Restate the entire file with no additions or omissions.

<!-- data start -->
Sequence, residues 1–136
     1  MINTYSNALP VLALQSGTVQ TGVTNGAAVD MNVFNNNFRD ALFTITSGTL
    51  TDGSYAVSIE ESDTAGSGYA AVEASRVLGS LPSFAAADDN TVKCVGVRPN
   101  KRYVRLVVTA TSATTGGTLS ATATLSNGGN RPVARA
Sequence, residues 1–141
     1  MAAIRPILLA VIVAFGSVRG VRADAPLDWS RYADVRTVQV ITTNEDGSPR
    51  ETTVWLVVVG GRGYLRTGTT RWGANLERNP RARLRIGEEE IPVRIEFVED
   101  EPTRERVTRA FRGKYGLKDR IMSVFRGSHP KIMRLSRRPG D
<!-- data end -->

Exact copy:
Sequence, residues 1–136
     1  MINTYSNALP VLALQSGTVQ TGVTNGAAVD MNVFNNNFRD ALFTITSGTL
    51  TDGSYAVSIE ESDTAGSGYA AVEASRVLGS LPSFAAADDN TVKCVGVRPN
   101  KRYVRLVVTA TSATTGGTLS ATATLSNGGN RPVARA
Sequence, residues 1–141
     1  MAAIRPILLA VIVAFGSVRG VRADAPLDWS RYADVRTVQV ITTNEDGSPR
    51  ETTVWLVVVG GRGYLRTGTT RWGANLERNP RARLRIGEEE IPVRIEFVED
   101  EPTRERVTRA FRGKYGLKDR IMSVFRGSHP KIMRLSRRPG D